Former South Carolina Gov. Nikki Haley took the stage Saturday night inside a packed Sheraton Hotel ballroom in Needham, Mass., as her campaign continues searching for something — anything — that will make a dent in frontrunner Donald Trump’s lead in the GOP presidential race.

Even before she spoke, the former president was busy adding three more states to his string of wins following victorious caucuses in Idaho, Michigan, and Missouri on Saturday.

For a rally held in Massachusetts, there was a notable lack of Bay State Republicans on stage. Instead, Haley’s New Hampshire surrogates, Gov. Chris Sununu and retired Gen. Donald Bolduc, were brought in to fire up the crowd.

“It looks like New Hampshire out there,” Sununu told the standing-room-only audience.

Haley thanked former Massachusetts Republican Party Chairwoman Jennifer Nassour, who is chairing her Bay State campaign, but she was the only GOP figure from the commonwealth to get a mention. One Massachusetts notable who did make an appearance: Trump’s 2020 GOP primary challenger, former Gov. Bill Weld.

The setting was the wealthy Boston suburb of Needham, where, just before her rally, Haley attended a fundraiser hosted by New Balance owner Jim Davis. Attendees forked over upwards of $3,000 to co-host or $1,000 just to be in the same room.

Sununu took a few shots at his blue-state neighbor to the south, catching his tongue after saying, “All governors find a way to get stuff done. Yes, governors know what they’re doing.

“Although I say that in Massachusetts, I don’t know about governors,” Sununu clarified, a reference to Democratic Gov. Maura Healey. “And don’t get me started on the mayor of Boston. I don’t know what the hell is going on there.

“It’s understandable why we’ve got a packed room here. You guys look north to the 603, and it’s like being in jail looking up at the blue sky.”

Sununu also offered some optimism ahead of Tuesday, when Massachusetts will join 14 other states in voting on nominees for president.

“No one is thinking it’s going to happen. But Massachusetts is a key state, one at the top, where all of the sudden come Wednesday morning, the media is going to go, ‘Oh wait, we thought we knew what the hell was going on,’” Sununu said. “Lord knows that they think this thing is wrapped up, and it’s yesterday’s news. But the voters decide.”

Republican voters, meanwhile, have been increasingly deciding for Trump. After beating her by 11 points in New Hampshire, Trump thumped Haley in her home Palmetto State by more than 20 points. In Michigan’s primary last week, Haley earned less than 27 percent of the vote.

An upset Haley win in Massachusetts is viewed as highly unlikely. Trump handily won the GOP primaries there in 2016 and 2020, and Haley has spent virtually no money in the state. Saturday was her only Bay State campaign stop.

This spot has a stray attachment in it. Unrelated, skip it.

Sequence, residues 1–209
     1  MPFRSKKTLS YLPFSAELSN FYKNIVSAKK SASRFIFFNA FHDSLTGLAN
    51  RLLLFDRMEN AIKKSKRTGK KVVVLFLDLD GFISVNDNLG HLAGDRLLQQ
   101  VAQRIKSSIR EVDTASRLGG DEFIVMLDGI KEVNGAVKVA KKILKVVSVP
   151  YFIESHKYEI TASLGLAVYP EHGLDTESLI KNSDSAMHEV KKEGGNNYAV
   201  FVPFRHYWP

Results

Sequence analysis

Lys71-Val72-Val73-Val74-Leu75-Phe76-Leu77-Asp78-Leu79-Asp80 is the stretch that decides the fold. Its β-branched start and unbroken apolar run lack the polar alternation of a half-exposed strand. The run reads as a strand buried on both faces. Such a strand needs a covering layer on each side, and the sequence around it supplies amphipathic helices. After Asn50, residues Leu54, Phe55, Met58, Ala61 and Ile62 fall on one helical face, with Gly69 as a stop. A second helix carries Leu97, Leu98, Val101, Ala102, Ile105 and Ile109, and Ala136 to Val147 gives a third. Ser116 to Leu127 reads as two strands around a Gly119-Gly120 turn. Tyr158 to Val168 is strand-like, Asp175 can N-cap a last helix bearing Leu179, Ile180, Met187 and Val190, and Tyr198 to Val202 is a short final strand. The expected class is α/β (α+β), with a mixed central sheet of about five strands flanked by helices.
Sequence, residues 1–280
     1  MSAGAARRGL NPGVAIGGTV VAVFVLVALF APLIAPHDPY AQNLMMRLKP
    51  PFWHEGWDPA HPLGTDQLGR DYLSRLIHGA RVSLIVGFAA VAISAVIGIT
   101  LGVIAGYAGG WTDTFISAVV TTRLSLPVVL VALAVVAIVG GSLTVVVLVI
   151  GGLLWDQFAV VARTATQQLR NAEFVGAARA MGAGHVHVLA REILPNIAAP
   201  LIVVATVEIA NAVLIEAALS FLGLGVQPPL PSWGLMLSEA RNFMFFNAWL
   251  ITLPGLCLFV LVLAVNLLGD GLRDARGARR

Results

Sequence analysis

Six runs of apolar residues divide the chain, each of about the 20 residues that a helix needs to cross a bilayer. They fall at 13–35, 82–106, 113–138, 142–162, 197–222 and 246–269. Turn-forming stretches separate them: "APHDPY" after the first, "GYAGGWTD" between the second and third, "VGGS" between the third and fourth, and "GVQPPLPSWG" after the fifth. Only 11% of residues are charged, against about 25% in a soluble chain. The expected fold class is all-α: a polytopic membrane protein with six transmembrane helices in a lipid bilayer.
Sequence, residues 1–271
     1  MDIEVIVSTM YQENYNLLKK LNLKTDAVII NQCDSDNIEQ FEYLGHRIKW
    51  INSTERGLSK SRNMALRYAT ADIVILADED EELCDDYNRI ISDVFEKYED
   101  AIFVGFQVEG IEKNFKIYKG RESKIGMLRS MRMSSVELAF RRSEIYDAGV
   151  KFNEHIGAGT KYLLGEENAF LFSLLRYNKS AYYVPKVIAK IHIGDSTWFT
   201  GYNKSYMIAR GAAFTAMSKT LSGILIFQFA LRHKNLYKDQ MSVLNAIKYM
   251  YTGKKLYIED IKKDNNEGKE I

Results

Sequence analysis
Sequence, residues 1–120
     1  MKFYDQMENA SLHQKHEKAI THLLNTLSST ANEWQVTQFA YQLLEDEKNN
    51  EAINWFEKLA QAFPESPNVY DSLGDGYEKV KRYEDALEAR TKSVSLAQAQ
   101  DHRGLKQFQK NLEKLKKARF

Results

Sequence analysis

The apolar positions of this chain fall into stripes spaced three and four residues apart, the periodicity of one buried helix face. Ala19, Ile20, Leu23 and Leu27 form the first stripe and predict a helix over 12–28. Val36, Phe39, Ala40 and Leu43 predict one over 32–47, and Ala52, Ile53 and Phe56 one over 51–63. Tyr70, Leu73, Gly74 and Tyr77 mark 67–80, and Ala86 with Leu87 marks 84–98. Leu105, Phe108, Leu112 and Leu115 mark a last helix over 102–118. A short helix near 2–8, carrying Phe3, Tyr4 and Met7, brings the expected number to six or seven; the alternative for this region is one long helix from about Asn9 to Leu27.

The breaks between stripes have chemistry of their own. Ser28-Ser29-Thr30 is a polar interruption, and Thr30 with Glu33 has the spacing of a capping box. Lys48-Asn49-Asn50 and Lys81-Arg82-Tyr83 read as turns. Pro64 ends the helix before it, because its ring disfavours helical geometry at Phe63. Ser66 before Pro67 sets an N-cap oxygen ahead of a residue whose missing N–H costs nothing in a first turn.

Last month’s Suffolk University poll put Trump ahead in Massachusetts with support from 55 percent of likely GOP primary voters.

Haley made sure to take some shots at Trump and blamed him for the inability of Congress to pass a bill addressing the ongoing illegal immigration crisis.

“Donald Trump told Congress not to pass anything until after the general election because it would hurt him,” Haley said. “We can’t wait one more day. Congress needs to get in a room and figure it out and Donald Trump needs to stay out of it.”

She also touched on abortion, a sore subject for Massachusetts Republicans in an overwhelmingly pro-choice state.

“I think a wrong was made right when justices put it back in the hands of the people,” Haley said, referencing the U.S. Supreme Court’s 2022 Dobbs decision. “Can’t we all agree to ban late-stage abortions? How do we save as many babies as possible and support as many moms as possible?”

Haley later pivoted back to hammering Trump, this time over his threat that anyone donating to her will be “permanently barred from MAGA camp.” Her campaign was quick to put the comment on pro-Haley t-shirts. Haley said t-shirt sales have topped 25,000.

“If you’re a candidate running for president, your job is to bring people in and not push people out of your club,” she said.

A voter from Brockton told NHJournal she will never vote for Trump, although she declined to say whether she will vote for Haley.

“Curiosity is what brought me here,” said Donna Puliafico. “I know who I am not voting for. I just wanted to come and see what Nikki has to say.”

Puliafico added that she “(doesn’t) care if it’s Republican, Democrat, or independent. If you do positive things for the majority of the country, fine. If you’re going to stand and cheer on war crimes and (Vladimir) Putin, then no, I’m sorry, there are enough places that have authoritarians and dictatorships. They can pack up and move there. Don’t try to bring that to the United States of America.”

“This is the greatest country on earth,” Puliafico added. “Why are we going to let knuckleheads try and change it?”

On Sunday, Haley made history by winning the GOP primary in Washington, D.C., making her the first woman to ever when a Republican presidential primary.

The Trump campaign responded to Haley’s victory with a statement from national spokesperson (and Atkinson native) Karoline Leavitt:

“The swamp has claimed their queen.”